So there you have it and my last word on how to mix the stuff, but not my last word on whether I have successfully made a no expiry date strong liquid hide glue. More on my findings soon. Good luck to those who will venture out on this journey with me.

Liberate yourselves from the dependency on large multi-million dollar companies, who regard you as insignificant whether or not you buy from them.

Last minute addition

To help those decipher the above US mix ratio from Mortise and tenon, I will convert it for us under the commonwealth and we all use the same measurements:

1/2 Cup hide glue granules=118.3g

1/2 Cup Water = 118.3ml

2 tsp pickling salt = 11.8g

140°F = 60°C

I would suggest following Don Williams method of first mixing the granules and water ratio provided but leaving the salt out. Once the granules soak up the water and turns into a gelatinous state, heat up the stove and water to 60°C. Add 11.8g of pickling salt and begin cooking the glue for 2 hours. Refrigerate it overnight, then the next morning cook the glue again for another 2 hours and you have liquid hide glue.

17 thoughts on “Rely on yourself and stop relying on others

  1. $0.02 from the peanut gallery. If you are in need of a heating device for glue, take a look at baby bottle warmers and/or cosmetic wax warmers. They are cheap and will heat things warm enough for hide glue.

    Liked by 1 person

    1. Thanks for the advice. It couldn’t have been at a better time. I do have a small brass double boiler but it won’t be big enough if I wanted to heat a larger bottle.

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  2. If you have the date code information you can figure out the age of the can.

    Zinsser shellac only has ethanol in it. No Methanol. A quart of ethanol and a half pound of shellac flakes is much more expensive than Zinsser.

    That’s why someone would buy the Zinsser. Cheaper, healthier, works well if it’s fresh.

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    1. I’m sorry to say but that’s a bad idea. Whilst Titebond say that freezing their glue will not destroy it but only thicken it, that statement shouldn’t be taken literally for no Titebond hide glues. If you freeze liquid hide and I’m including regular hide glue in a liquid form you will destroy it rendering it useless. The reason being that freezing temperatures break down the proteins and the flexibility suffers a loss, as a result it loses it’s adhesion properties.

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    1. I believe that Neil puts something inside it that makes last longer. As for shellac on its own it cannot last longer than six months once made up.

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      1. Must do, it was kicking around for so long after the initial use I ended up having a go with anything which needed a finish. Never seemed to affect the usage given it was probably 18months. I have only dabbled a bit in French polishing but was pretty happy with the results and the build up. As far as I understand there are a few different types he makes with a couple of different characteristics. The convenience was a big plus. It was harder to get the denatured alcohol than anything else at the time. I have read somewhere that you can use isocol alcohol from the chemist- have you tried it?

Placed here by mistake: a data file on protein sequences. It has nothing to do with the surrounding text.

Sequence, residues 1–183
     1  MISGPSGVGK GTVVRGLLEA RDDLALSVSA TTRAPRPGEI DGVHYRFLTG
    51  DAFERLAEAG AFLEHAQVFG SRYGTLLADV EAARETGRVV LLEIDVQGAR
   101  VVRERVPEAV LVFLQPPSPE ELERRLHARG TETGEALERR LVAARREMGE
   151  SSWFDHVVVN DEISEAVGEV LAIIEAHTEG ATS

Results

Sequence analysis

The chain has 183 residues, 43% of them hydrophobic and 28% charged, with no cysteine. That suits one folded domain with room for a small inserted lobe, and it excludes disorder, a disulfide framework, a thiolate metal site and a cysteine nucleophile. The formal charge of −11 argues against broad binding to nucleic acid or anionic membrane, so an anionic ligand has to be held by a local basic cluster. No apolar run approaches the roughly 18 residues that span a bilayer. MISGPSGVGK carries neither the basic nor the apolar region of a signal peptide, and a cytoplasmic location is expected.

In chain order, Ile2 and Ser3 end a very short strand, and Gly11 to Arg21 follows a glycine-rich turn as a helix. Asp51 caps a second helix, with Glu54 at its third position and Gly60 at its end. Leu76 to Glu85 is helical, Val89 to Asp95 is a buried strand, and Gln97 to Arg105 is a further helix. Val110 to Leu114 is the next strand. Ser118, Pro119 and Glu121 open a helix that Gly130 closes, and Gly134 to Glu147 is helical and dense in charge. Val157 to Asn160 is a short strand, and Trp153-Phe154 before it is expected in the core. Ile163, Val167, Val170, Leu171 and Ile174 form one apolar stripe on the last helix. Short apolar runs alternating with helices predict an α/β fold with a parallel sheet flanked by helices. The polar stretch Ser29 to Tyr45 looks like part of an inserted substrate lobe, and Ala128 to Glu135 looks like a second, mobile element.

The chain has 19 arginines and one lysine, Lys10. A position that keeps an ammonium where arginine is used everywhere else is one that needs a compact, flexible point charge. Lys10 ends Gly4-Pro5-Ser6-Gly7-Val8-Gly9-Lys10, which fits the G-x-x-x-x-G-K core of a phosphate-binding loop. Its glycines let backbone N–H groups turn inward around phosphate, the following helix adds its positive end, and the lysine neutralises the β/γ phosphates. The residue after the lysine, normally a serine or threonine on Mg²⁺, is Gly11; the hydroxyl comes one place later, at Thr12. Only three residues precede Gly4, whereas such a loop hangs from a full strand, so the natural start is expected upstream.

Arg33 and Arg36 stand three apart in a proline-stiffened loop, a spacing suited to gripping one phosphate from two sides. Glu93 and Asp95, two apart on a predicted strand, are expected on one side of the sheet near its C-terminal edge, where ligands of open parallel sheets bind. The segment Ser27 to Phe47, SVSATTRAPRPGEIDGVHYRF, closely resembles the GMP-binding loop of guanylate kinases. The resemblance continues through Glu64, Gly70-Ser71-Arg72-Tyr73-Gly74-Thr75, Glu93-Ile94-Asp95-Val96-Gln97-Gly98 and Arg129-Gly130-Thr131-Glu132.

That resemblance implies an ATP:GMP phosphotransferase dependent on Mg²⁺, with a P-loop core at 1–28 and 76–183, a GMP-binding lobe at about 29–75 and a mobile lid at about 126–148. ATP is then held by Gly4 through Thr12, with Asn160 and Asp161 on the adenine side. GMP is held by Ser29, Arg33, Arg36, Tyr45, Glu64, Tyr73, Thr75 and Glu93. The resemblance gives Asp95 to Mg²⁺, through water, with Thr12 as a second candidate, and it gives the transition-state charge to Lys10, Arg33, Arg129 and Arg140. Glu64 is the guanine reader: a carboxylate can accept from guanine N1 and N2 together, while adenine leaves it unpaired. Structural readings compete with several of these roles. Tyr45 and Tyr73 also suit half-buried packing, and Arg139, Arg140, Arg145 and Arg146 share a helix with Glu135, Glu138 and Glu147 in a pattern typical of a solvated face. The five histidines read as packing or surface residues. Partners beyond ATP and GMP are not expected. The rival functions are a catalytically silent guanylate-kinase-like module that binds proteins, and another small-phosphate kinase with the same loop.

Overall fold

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      2. Yes, you can use Isopropanol and you can buy it from https://restorerschoice.com.au/shop. This is where I buy my shellac from and denatured alcohol. I gather you live in Australia if not then buy it locally. I would recommend you sticking with denatured alcohol because the alcohol will dry much faster than Isopropanol. It’s great if you’re a beginner and you want to brush it on so, you want the shellac to dry slower. But if your French polishing that’s the last thing you want. I can only say this because I tried it. I couldn’t get the denatured stuff at the time and someone swore by Isopropanol so I bought 20L of it. What a waste of money that was.

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  3. There is a huge disparity in the amount of salt for these two recipes. The first one uses equal parts hide glue and salt vs 2 teaspoons for the second one. For reference, 1/4 cup of salt is 12 teaspoons, so 6 times more salt in the first recipe. I’ve read the posts about the Williams recipe before and always thought equal parts salt and hide glue had to be a typo.

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    1. I also agree with you Tony. I have made LH using this recipe and it works but I do feel that there is too much salt. When I make the next batch I will try with 1 teaspoon and see what what happens.